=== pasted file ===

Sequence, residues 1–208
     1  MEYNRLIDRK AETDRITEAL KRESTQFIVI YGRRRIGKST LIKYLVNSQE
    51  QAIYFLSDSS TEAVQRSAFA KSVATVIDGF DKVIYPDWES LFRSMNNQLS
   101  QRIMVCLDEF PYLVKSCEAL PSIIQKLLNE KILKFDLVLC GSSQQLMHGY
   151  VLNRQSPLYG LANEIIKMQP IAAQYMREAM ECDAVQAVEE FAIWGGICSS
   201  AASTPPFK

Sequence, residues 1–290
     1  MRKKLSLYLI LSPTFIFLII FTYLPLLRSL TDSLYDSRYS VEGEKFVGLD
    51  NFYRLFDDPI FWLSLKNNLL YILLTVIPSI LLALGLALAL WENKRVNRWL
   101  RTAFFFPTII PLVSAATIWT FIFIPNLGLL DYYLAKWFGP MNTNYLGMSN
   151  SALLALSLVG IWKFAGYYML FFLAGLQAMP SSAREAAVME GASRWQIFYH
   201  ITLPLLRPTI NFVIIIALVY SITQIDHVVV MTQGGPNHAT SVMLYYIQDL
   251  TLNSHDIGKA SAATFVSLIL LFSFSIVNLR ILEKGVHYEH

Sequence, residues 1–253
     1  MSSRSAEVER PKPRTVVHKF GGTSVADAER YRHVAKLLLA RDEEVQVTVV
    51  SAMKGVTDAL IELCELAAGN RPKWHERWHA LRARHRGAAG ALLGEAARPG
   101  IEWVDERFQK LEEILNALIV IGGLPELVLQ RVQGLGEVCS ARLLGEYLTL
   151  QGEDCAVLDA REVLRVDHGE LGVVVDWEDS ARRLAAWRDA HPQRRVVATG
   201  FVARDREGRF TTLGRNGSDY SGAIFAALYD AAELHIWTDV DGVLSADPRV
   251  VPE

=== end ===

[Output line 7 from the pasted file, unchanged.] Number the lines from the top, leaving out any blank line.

Sequence, residues 1–290